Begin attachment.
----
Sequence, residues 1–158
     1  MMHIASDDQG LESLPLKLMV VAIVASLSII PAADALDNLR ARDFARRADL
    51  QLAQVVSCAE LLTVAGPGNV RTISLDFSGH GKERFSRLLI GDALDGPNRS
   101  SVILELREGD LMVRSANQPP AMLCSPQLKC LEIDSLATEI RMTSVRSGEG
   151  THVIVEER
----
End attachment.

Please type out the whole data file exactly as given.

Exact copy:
Sequence, residues 1–158
     1  MMHIASDDQG LESLPLKLMV VAIVASLSII PAADALDNLR ARDFARRADL
    51  QLAQVVSCAE LLTVAGPGNV RTISLDFSGH GKERFSRLLI GDALDGPNRS
   101  SVILELREGD LMVRSANQPP AMLCSPQLKC LEIDSLATEI RMTSVRSGEG
   151  THVIVEER